When children have to hide, they develop a negative sense of self and grow to be ashamed of their sexual identity. Being supported and valued by their parents helps children learn to value their own senses of self. This leads to children learning to care for and respect themselves in a way that prevents damaging behaviors such as unsafe sex, substance abuse, and suicide attempts.

"The families recognize that we’re not there to change their beliefs, we’re there to help them help their children," said Dr. Caitlin Ryan.

"Parents think they're doing things to protect their children that are actually rejecting behaviors," said Cathy Renna of Renna Communications.

A negative reception of a child's coming out is often detrimental to his or her physical and mental health. But there are many ways in which parents can be supportive of their children, regardless of sexual orientation and gender identity.

Often parents react negatively because they do not understand their child's identity, so asking about it is often helpful behavior. When children have parents who support their gender or sexual identities and who believe that their children can have a happy and healthy future as an LGBT adult, they grow to embrace their identity and believe that they deserve all the rights of their heterosexual peers. Parents should be open with their children about their feelings of confusion and to promote openness, but should always tell their children that they are loved.

There is no one way that people learn information, so FAP uses different forms of media and integrate information into already existing information systems.

"We are using multiple ways to integrate our findings and what we've learned from our research, including mixed media to tell the story of our research," said Ryan.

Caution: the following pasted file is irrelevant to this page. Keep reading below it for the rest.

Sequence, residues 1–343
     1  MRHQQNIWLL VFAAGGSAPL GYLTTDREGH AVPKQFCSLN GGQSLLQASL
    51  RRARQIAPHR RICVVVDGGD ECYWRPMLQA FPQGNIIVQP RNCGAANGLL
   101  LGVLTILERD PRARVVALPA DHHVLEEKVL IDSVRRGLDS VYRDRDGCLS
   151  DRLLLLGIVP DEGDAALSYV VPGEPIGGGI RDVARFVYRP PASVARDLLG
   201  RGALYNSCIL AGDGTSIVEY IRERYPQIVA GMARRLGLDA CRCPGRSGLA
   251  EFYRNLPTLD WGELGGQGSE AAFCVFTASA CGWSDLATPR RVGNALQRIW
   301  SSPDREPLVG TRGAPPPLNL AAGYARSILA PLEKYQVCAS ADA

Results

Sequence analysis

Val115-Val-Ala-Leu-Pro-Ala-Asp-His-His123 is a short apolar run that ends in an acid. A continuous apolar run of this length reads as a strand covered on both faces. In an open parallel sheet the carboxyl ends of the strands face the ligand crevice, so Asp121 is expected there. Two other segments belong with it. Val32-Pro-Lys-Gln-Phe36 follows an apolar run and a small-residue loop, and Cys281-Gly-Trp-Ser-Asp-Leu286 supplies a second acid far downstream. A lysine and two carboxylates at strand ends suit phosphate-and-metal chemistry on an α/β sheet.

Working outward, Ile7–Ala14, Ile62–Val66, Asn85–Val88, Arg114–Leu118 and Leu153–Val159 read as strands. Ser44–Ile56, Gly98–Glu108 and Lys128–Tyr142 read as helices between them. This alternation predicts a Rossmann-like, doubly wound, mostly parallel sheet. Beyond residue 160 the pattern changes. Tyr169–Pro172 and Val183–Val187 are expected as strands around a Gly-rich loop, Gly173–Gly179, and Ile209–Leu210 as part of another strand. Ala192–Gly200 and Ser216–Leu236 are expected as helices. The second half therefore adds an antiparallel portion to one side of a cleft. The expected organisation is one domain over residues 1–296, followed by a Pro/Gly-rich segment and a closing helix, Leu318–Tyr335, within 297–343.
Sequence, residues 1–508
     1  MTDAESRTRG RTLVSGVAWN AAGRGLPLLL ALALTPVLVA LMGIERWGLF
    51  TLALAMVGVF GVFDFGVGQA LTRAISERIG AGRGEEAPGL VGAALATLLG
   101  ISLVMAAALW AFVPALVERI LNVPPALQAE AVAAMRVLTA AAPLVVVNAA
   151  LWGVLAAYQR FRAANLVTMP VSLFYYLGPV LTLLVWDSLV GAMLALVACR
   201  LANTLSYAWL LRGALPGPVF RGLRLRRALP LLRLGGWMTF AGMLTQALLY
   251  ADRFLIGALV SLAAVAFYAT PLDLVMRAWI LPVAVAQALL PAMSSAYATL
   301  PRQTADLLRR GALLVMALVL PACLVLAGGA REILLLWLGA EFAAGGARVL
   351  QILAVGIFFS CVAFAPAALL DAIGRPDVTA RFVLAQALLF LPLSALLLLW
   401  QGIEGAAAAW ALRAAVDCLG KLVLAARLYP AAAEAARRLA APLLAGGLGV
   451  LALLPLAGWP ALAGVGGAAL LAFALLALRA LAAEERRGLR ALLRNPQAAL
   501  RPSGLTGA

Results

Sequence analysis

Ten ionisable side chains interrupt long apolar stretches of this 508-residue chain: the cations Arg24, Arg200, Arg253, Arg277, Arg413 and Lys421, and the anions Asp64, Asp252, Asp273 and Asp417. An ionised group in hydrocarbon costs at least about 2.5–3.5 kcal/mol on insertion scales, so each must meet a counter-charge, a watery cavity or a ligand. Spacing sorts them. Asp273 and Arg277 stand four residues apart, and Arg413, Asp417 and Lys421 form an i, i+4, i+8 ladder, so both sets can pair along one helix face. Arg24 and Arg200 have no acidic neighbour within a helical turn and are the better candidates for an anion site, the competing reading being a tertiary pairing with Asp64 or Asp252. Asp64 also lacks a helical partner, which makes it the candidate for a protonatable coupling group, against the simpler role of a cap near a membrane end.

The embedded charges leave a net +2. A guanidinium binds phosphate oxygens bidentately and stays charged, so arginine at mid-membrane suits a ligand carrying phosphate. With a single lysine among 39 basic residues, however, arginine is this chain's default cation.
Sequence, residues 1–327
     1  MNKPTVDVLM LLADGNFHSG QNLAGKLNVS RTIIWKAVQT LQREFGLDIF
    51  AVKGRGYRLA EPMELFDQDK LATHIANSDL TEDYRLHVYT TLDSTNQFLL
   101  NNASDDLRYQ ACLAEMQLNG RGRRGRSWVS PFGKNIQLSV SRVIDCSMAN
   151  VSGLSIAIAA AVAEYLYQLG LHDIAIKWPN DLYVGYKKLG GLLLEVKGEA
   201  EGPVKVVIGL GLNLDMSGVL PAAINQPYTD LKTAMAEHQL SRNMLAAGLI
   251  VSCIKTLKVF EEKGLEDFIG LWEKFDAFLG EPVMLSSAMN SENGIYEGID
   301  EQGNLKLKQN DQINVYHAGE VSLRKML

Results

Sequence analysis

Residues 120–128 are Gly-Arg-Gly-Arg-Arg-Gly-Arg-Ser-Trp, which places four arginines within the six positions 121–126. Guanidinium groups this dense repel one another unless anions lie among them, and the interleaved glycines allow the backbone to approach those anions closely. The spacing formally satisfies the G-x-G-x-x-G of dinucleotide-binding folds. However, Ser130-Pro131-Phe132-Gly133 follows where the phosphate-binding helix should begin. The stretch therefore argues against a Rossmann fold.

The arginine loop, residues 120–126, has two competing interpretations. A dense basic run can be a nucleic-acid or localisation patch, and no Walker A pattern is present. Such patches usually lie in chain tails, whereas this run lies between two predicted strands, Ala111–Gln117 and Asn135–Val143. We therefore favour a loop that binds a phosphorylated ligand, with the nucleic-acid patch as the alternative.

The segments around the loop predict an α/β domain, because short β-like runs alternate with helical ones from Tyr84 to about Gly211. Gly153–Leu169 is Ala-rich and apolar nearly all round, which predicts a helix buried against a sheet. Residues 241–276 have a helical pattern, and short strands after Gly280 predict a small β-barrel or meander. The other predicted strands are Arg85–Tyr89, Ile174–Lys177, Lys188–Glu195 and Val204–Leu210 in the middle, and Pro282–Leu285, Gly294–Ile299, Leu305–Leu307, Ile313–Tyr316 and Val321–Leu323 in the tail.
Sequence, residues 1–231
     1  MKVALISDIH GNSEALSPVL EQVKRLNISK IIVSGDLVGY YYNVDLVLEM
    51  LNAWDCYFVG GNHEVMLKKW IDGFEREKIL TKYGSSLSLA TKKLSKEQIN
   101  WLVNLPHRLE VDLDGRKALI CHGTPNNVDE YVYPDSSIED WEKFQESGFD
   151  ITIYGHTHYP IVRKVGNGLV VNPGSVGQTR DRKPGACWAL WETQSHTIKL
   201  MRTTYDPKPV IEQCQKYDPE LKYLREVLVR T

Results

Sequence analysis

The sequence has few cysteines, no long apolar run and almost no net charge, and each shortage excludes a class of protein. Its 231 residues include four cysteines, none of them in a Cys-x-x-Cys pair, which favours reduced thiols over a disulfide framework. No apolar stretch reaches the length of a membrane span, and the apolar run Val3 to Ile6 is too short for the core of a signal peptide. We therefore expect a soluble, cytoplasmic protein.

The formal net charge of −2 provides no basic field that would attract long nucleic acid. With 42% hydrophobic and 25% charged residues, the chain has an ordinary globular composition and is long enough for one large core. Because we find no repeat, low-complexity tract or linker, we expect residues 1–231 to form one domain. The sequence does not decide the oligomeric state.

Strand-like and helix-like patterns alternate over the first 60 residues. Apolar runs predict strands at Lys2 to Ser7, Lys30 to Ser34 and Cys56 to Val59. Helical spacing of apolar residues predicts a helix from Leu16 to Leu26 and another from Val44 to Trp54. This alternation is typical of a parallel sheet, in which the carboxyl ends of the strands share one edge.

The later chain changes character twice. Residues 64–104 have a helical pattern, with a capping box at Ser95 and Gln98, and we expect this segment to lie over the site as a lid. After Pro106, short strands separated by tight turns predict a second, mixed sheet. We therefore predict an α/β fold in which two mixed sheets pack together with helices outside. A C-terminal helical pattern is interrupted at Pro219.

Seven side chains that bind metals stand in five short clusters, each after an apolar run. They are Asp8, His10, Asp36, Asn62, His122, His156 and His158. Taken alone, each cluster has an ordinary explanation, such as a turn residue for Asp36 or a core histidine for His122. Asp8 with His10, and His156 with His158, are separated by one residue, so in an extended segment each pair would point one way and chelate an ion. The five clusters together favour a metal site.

They have gone back to many of the original participants in their research and to many other diverse families, youth and providers and asked what the research meant to them and how to talk about their finding with other families from their background. There are families who are still unable to support their LGBT children after learning how rejection affects their LGBT children's health and well-being. "But," assured Ryan, "those families are in the minority."

Ryan continues to work with families and youth about accepting and rejecting behaviors in regard to sexuality and gender identity.

"She is changing the paradigm of how we work with LGBT youths," said Renna.

Dr. Caitlin Ryan will present "The Church That Saves Lives" from 6:45-9:30 p.m. on Monday, Oct. 29 at Metro-West Boston. To attend and obtain location info, email For more info, visit

Dr. Ryan will also speak at PFLAG's Pastoral Counseling for LGBT Youth and Their Families from 8:30 a.m.-4:15 p.m. on Oct. 30 at Bentley University in Waltham, MA. For info, visit

"FAP Family Intervention Video"